Wednesday, October 9, 2013

History of Hearing Aids

by Rachel Anderson

Happy Disability History Week! To celebrate this week, we will be highlighting the history of a few different AT devices. 

Did you know hearing aids have been around for centuries?
Hearing Aid "Trumpet"
The earliest known hearing devices date back to the 17th and 18th centuries. They were horn-shaped and made from shells, glass or wood.  These hearing "trumpets" were used by people that were hard of hearing by holding them up to their ear to amplify sounds. In the 1800s, it became more common for for these trumpets to made from metals like copper and brass.  Also during this century, efforts to conceal these hearing aids began by incorporating them into hats, collars, bouffant hairstyles, beards, or even clothing. Another invention from the 1800s that was not as common as the trumpet was an ear tube. Ear tubes consisted of a tube being held up to a speaker’s mouth and then the other end was placed directly in the person’s ear, thus eliminating the environmental noise.

several early hearing aids that look like microphones and small radios that people had to hold or wear around their neck
Early 20th century hearing aids
Until the late 19th century, hearing aids only offered a small amount of sound amplification. It wasn't until the discovery of electricity and the telephone that rapid advancements in this technology were made.  When the telephone was invented, Thomas Edison, who was hard of hearing, wanted to improve the sounds delivered by this machine and invented the carbon transmitter which amplified the electrical signal. His work, along with many others in subsequent years, led to the creation of the three-element vacuum tube hearing aid in 1907. At first this device was too large to be portable, but by 1924 Western Electric created these same components and made them small enough to fit into a box that weighed only four kilograms. The box was connected to a receiver that users had to hold up to their ears. These devices were usually worn around the neck, and they still had a relatively heavy battery that only lasted a few hours.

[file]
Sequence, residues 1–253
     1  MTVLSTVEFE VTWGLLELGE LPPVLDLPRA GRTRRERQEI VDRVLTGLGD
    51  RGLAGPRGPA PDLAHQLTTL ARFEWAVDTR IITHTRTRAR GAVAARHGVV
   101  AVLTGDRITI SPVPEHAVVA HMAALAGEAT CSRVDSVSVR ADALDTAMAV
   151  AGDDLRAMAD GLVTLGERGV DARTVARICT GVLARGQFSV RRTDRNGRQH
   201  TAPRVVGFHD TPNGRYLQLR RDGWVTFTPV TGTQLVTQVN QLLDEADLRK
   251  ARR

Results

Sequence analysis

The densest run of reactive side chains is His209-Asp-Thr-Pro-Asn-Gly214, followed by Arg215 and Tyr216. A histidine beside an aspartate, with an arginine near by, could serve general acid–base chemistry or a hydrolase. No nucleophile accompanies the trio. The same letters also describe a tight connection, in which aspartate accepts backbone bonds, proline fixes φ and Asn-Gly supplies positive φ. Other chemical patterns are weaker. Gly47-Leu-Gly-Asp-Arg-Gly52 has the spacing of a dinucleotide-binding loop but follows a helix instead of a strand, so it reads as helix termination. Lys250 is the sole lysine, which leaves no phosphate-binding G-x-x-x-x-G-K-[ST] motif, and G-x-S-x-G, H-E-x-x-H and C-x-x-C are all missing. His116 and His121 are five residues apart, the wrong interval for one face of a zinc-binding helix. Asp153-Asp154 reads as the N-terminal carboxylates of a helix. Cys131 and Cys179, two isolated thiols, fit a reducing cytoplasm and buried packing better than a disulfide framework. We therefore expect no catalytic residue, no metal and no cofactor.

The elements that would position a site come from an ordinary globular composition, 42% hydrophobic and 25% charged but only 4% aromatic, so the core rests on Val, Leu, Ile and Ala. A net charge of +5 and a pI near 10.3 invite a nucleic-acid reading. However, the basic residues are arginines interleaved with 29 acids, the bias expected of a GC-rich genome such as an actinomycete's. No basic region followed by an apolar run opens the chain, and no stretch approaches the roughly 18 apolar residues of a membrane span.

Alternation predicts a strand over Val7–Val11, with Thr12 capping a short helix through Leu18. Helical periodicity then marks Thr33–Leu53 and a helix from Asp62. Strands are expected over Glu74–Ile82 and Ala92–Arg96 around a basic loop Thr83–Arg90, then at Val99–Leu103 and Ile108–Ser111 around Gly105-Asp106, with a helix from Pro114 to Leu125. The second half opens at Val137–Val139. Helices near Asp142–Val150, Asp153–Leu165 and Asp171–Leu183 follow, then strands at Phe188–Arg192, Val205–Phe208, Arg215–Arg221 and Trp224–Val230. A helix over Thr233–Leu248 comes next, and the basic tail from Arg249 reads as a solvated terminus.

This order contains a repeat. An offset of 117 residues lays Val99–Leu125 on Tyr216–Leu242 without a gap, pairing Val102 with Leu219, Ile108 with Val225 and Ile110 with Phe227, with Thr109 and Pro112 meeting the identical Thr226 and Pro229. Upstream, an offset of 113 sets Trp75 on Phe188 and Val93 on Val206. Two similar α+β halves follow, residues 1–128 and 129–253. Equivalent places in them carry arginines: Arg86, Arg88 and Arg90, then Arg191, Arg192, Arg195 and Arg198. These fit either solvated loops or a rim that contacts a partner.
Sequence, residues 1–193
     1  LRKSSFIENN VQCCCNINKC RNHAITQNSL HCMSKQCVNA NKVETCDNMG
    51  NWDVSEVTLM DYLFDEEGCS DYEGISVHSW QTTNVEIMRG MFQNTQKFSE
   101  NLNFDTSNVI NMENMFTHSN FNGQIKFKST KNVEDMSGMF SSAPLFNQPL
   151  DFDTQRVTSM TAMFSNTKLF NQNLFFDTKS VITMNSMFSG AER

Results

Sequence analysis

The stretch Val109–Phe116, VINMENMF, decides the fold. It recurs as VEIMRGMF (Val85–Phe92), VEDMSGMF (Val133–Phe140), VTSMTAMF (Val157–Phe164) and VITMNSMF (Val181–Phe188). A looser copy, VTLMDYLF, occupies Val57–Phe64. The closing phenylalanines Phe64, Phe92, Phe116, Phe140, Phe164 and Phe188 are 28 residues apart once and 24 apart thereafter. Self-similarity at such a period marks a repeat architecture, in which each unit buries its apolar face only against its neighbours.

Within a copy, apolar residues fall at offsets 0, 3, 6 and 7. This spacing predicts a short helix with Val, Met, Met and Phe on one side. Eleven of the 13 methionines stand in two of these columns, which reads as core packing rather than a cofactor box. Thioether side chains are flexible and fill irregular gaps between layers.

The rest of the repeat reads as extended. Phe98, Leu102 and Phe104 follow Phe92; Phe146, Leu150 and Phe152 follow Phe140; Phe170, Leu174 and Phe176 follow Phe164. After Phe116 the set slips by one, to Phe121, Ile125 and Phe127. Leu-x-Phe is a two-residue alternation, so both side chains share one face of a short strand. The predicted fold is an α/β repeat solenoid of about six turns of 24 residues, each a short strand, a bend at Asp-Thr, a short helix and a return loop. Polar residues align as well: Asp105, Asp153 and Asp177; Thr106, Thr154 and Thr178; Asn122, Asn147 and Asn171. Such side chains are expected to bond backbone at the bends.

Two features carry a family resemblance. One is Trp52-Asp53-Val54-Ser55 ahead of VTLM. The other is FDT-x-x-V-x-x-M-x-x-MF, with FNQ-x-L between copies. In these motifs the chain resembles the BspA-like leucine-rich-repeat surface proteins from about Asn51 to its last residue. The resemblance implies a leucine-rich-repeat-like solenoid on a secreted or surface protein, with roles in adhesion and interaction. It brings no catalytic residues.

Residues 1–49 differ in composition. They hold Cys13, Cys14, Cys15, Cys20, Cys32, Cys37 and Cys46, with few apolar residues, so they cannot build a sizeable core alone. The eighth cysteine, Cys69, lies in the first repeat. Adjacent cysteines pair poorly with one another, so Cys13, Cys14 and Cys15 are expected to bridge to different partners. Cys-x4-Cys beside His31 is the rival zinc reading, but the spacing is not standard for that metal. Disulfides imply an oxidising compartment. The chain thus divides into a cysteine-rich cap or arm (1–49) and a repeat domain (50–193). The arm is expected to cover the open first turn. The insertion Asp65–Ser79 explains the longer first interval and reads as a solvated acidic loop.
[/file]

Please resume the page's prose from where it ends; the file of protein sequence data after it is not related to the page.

In 1938, electronic manufacturers in Chicago developed the first wearable hearing aid that consisted of a wire connecting a small earpiece to an amplifier-receiver that could be clipped onto the the wearer's clothes. Even further developments with this technology occurred in the 1950s when the transistor was invented. The invention of the transistor changed hearing aids completely. In fact, two years before transistor radios were popular, people were already using them in hearing aids. In 1953, more than 200,00 transistorized hearing aids were sold. In 1957, companies  made the hearing aid even smaller and more concealable by putting all of the electronics entirely into a pair of eyeglasses! Finally, in the 1960s, Zenith Radio advertised the first completely behind the ear model of a hearing aid. It weighed just 7 grams was 500 times more reliable than the hearing aids built with transistors.
  
Over the years, hearing aids have shrunk drastically in size and have increased in their abilities to function for individuals. Many hearing aids now are virtually invisible and these important devices have helped people that are hard of hearing maintain their independence. Do you use a hearing aid?  Tell us below in the comment box about what style works best for you. 
http://www.emoryhealthcare.org/ear-nose-throat/audiology/hearing-aids.html

6 comments:

  1. It's amazing how much technology has improved hearing aids. It's funny to think that hearing aids use to be little trumpets that you put up to your ear. Now with the technology we have, there are hearing aids that people can go into the water with. I'm truly amazed how far hearing aids have come over the years.

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